After a special hearing on Oct 27 for feedback from residents and merchants about the closure of the bottom block of Greenwich Ave (between Grigg Street and Railroad Ave), the message was clear.
While the original intent was to bolster restaurants during the pandemic, retailers and tenants said they were struggling, and landlords said they were having difficulty finding retail tenants.
Initially the Selectmen, who serve as the town’s traffic authority, had voted in June to close two full blocks of the Avenue to create a pedestrian mall with outdoor dining.
Pushback was immediate, and the block that includes Zyn’s News & Cigars, Petticoat Lane, the Apple Store and Richards reopened.
This week Ron Cavalier said he was relocating Cavalier Ebanks Galleries from 405 Greenwich Ave to 175 Greenwich Avenue after 26 years in response to the closure.
Camillo met in person with retailers and landlords at the bottom of the Ave in mid-September. They told him they were struggling.
Merchants said they do much of their business during Christmas and the holiday season and relied on parking being available on the Ave.
Tenants in apartments on lower Greenwich Ave said they vied for the same limited parking to unload groceries and laundry.
Handicapped and mobility impaired residents said they needed to be dropped off to dine and couldn’t walk several blocks.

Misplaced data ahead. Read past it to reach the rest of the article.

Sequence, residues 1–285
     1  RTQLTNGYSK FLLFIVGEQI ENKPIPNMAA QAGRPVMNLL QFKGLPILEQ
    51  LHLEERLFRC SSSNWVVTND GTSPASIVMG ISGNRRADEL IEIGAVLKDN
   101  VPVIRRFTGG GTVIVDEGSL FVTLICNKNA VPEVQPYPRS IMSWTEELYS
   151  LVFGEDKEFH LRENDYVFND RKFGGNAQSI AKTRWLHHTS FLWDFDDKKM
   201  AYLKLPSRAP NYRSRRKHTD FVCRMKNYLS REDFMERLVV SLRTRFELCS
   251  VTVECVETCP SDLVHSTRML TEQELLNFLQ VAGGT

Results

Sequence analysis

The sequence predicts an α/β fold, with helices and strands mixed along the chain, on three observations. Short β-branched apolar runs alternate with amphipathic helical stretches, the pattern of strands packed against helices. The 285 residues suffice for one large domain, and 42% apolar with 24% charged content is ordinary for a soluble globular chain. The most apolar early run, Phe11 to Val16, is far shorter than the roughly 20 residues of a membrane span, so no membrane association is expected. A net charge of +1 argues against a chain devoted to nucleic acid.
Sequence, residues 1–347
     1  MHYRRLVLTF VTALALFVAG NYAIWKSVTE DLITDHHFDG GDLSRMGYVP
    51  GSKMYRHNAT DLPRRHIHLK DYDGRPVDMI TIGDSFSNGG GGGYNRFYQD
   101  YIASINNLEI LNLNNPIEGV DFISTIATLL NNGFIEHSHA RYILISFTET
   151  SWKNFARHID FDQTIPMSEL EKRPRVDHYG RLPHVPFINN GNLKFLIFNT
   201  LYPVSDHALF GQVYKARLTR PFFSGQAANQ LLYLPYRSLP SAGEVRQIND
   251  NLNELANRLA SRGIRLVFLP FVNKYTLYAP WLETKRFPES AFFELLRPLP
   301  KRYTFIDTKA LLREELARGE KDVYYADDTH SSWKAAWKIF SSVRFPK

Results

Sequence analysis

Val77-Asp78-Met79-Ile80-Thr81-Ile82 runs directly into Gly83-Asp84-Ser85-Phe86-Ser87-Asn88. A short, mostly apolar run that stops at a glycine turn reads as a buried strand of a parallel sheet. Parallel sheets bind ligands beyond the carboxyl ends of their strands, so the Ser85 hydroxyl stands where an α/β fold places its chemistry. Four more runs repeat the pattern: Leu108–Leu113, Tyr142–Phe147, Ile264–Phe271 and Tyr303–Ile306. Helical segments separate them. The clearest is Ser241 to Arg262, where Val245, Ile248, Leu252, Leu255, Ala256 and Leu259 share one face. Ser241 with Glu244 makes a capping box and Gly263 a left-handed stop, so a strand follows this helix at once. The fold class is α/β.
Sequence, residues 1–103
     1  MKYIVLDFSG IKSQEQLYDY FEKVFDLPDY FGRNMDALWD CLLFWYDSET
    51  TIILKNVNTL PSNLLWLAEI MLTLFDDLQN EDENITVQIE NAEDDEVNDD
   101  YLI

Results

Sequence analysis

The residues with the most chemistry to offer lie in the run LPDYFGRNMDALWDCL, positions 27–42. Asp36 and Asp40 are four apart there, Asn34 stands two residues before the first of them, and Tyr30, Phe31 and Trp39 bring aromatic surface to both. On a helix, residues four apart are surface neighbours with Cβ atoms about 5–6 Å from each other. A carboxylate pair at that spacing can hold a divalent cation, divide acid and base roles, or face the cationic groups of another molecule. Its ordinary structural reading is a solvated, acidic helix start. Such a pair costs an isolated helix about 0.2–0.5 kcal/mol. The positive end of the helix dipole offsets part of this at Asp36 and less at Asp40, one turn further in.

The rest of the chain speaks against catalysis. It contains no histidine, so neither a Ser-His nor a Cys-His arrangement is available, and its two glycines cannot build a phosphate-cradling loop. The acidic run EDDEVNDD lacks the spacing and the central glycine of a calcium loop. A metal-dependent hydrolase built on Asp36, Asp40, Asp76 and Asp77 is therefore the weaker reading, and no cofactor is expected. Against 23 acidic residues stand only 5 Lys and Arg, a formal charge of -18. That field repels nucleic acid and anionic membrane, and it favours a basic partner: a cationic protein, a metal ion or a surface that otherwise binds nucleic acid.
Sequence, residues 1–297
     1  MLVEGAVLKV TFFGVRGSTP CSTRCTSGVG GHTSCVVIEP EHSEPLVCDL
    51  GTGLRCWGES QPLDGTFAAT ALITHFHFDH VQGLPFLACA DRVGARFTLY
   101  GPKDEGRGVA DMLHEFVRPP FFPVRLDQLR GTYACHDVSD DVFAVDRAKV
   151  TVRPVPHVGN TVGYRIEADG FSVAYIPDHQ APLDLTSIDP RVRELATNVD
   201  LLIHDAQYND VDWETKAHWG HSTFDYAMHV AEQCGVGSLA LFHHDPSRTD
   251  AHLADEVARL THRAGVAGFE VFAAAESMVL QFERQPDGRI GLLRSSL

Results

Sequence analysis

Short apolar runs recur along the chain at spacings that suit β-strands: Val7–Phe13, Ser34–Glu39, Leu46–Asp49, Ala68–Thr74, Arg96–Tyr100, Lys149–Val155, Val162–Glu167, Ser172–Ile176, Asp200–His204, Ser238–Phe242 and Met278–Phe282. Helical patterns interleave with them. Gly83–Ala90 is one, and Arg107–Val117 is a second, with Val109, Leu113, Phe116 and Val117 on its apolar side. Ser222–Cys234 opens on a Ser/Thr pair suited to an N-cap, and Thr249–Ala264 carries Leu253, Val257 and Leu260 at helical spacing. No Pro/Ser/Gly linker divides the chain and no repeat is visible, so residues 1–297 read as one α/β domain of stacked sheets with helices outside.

Take out customers, as well as Grub Hub and Uber Eats drivers need a place to park albeit briefly.
Merchants lamented that while the closure was great for restaurants in the evening, seating was mostly empty throughout the day.
And so, on Thursday, Dept of Public Works deputy commissioner Jim Michel proposed a “node system” to replicate what was working on the rest of Greenwich Ave.
The timing dovetails with the Governor’s executive order 9K, which extends outdoor dining through February 9, 2021.
Mr. Michel said his department proposed to put in “nodes” for restaurants with outdoor dining permits, which include:
Little Beet Table
Le Pain Quotidian
“We’ll have nodes, either shared or individual, for each of those locations,” Michel continued, adding that the reversal would restore 21 parking spaces and one additional handicapped spot.
He said there would remain adequate space for the restaurants to offer outdoor dining and retain an outdoor presence.
Mr. Michel said DPW had tentatively scheduled the reopening of the block and creation of the nodes as early as Friday morning.
“It shows that we are listening to the community about their concerns and will allow, particularly for the holiday season, a really important step,” said Select person Jill Oberlander.
Mr. Michel clarified said there were approximately 45 parking spaces were originally lost by the closure, and the reopening would restore about half of them.
“The whole atmosphere doesn’t change doing this down there,” First Selectman Camillo said. “We’re making sure what’s been very popular will remain.”
The Selectmen voted unanimously to approve the reopening of the lower portion of Greenwich Avenue to allow an update for parking between Grigg St and Railroad Ave.
Nov 10, 2020
Oct 27, 2020
Aug 22, 2020
June 16, 2020
June 1, 2020